I guess her wish was what told the doctors she needed a new heart:
Question: How many US newspapers does it take to predict the Venezuelan presidential election?
Answer: Predict it wrong? All of them!
Maybe it’s just because I’m some godless socialist, but I think Hugo Chavez has been pretty good for Venezuela. There is no subject on which the mainstream media are more clearly biased. I get the impression we’re supposed to think that Chavez is some evil despot like Saddam Hussein or Charles Taylor. But to me, he seems like a democratic socialist.
Hogo Chavez’s Constitutional Referendum
I was most struck by this when Chavez tried to get a constitutional amendment to eliminate the presidential term limit. The US media reported that the amendment was to make him “president for life.” Amazing. But then, when the amendment failed by a really small number of votes, Chavez was asked if he would contest the results. He replied that he wouldn’t because he didn’t want the constitution amended unless the country was really behind it. How did the media respond? He must have some evil socialist plot!
Contrast this to President Bush, who at that time had the 50 percent plus one vote strategy—the idea being that the narrowest of margins gave him a mandate to screw roughly half the nation. In this case, who seems like the statesman: Bush or Chavez? I realize that Bush doesn’t set the bar very high. But Bush is always treated with respect by the mainstream media. The same cannot be said about Chavez.
Afterword: Keep Your Ignorant Comments to Yourself
Before anyone starts yelling at me that Chavez did this or that: stop! I don’t doubt that Chavez is imperfect. I remember his infamous “Bush is Satan” speech at the UN. But that is not what the US media coverage of him is about. Chavez is a socialist. But that isn’t it either. He’s an advocate of the working class. But that isn’t it either. He’s nationalized industries and that has hurt profits for various corporations. Bingo!
Further, I really don’t want to hear from people who know Chavez only through US media coverage. It is clearly biased. No pretense is made at objectivity. If anyone can send me even to typical he said/she said coverage of Chavez, I will be grateful. And surprised.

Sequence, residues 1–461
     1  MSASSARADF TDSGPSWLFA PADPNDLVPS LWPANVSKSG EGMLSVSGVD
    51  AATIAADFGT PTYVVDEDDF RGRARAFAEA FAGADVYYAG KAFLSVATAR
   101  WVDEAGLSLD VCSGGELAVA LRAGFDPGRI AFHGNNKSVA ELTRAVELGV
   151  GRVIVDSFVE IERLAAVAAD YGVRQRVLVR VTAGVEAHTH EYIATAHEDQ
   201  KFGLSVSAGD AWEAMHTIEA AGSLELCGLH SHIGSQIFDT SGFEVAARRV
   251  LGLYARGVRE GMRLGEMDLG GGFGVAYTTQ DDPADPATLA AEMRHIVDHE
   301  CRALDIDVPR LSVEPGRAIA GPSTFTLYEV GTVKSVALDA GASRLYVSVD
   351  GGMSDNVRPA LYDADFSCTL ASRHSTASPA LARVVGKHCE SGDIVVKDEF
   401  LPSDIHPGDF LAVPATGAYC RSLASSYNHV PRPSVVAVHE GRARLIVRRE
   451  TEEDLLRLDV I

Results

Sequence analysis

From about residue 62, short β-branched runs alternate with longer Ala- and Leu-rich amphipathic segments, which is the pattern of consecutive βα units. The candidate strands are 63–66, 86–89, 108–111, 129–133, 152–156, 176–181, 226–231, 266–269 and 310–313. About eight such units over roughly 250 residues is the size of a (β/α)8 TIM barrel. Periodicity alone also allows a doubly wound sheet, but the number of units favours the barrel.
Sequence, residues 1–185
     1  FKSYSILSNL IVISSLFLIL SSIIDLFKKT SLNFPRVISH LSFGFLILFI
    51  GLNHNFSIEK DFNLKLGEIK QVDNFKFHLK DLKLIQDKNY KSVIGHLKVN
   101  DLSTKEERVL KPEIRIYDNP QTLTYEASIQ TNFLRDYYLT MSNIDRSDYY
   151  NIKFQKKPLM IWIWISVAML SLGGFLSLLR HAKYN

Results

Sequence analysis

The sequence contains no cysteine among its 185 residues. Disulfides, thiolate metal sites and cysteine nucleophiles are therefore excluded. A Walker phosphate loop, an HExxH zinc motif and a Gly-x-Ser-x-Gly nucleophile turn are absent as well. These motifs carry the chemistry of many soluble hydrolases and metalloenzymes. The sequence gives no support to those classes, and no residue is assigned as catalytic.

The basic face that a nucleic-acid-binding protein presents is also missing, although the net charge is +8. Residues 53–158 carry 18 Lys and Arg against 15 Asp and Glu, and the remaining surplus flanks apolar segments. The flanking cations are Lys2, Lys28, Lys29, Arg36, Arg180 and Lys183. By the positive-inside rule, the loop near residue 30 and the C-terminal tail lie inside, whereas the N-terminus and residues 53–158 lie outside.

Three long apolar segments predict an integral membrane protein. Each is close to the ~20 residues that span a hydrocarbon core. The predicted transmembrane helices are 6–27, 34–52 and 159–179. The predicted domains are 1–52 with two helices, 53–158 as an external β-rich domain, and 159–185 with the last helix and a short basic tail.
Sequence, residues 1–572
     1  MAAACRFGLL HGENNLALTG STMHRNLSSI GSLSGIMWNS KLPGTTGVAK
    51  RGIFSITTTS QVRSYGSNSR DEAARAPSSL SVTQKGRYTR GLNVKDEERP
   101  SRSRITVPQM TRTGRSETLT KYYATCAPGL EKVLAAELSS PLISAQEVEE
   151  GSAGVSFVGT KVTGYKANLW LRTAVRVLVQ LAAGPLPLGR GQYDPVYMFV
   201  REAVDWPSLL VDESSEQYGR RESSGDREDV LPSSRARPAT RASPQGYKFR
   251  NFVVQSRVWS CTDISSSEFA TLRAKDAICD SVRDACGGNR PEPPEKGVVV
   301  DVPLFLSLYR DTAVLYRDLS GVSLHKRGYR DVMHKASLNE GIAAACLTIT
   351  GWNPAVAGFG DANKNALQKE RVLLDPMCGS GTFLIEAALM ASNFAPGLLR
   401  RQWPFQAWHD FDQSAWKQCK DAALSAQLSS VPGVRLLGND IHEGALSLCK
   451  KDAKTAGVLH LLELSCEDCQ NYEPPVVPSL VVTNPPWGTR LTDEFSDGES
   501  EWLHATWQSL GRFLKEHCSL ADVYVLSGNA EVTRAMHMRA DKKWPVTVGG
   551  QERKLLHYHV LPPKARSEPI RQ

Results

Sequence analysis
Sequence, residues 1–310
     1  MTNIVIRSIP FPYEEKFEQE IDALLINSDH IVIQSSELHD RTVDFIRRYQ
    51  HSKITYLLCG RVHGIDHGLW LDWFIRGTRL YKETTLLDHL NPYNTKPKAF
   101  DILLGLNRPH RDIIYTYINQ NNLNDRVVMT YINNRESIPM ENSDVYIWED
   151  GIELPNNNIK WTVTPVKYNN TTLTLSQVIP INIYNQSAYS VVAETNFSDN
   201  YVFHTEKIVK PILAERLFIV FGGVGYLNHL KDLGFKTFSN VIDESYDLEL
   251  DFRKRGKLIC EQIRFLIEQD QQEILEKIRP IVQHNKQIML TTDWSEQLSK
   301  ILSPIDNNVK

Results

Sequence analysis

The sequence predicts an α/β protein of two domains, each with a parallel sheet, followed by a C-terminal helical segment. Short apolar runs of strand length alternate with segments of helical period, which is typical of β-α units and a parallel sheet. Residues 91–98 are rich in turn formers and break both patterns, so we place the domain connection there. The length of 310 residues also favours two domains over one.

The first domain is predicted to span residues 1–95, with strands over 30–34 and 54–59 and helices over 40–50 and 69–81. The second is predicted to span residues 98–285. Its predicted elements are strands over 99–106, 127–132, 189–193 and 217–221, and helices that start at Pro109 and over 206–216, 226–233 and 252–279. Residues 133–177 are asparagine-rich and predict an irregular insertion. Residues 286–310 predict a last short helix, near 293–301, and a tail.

Update (7 October 2012 9:05 pm)
But coming from Business Week, this is probably meant as an indictment.
Update (7 October 2012 9:13 pm)
Yes! Mark Weisbrot writing in The Guardian, Why the US demonises Venezuela’s democracy. The subtitle is, “Venezuela is about to hold impeccably free and fair elections. Yet the US treats it as a dictatorship.” Go read it. It’s good.
Update (8 October 2012 8:28 pm)
Keane Bhatt has a great article at the North American Congress of Latin America website, A Hall of Shame for Venezuelan Elections Coverage. Here’s a bit of it, but you should read the whole article (it’s pretty short):
To understand why Chávez’s electoral victory would be apparent beforehand, consider that from 1980 to 1998, Venezuela’s per capita GDP declined by 14 percent, whereas since 2004, after the Chávez administration gained control over the nation’s oil revenues, the country’s GDP growth per person has averaged 2.5 percent each year.
At the same time, income inequality was reduced to the lowest in Latin America, and a combination of broadly shared growth and government programs cut poverty in half and reduced absolute poverty by 70 percent — and that’s before accounting for vastly expanded access to health, education, and housing.
Update (9 October 2012 11:26 am)
Update (10 October 2012 9:37 am)
Peter Hart has a good article over at FAIR, What Are Enemies For?: Iran Sham Helps PBS Smear Chavez. I saw another article (Can’t find link!) where the author claimed that Chavez only getting half the vote should make him humble. That’s amazing — it shows a writer not letting the facts get in the way of the argument he wants to make. Chavez won by 10 percentage points, or as we say here in the United States: a landslide.
Peter Hart over at the excellent Fairness & Accuracy In Reporting (FAIR) has an amazing catch. In the most recent Time magazine, Michael Scherer present a cover story that is supposed to get past the campaign lies, Blue Truth, Red Truth. But it is, of course, just another exceptional example of he said/she said reporting.
Hart notes that the article came just to the edge of calling out the lying Romney campaign—if in the most gentle words imaginable:
Not nearly as bad as we’ve come to expect. But (following last week’s CounterSpin), the paragraph continues:
Just to unpack this: Obama is a worse liar because he doesn’t lie as much as Romney. Balance!
Overall, the Time article blames the public for not “demanding” politicians be honest. But it does allow that it would be better if journalists were more aggressive in calling out politicians. Then it notes that the partisan news sources are more aggressive. Thus, all the public need do is go to Fox for information about Obama and MSNBC for information about Romney:
This is bad in so many ways. It is wrong to say that MSNBC is the liberal version of Fox. It’s true that MSNBC does go a little softer on Democrats than Republicans. But it is not at all the same. Fox News is rightly referred to as “GOP TV.” Fox isn’t so much conservative as Republican. It is explicitly partisan and can in no way be considered a traditional news source. MSNBC can.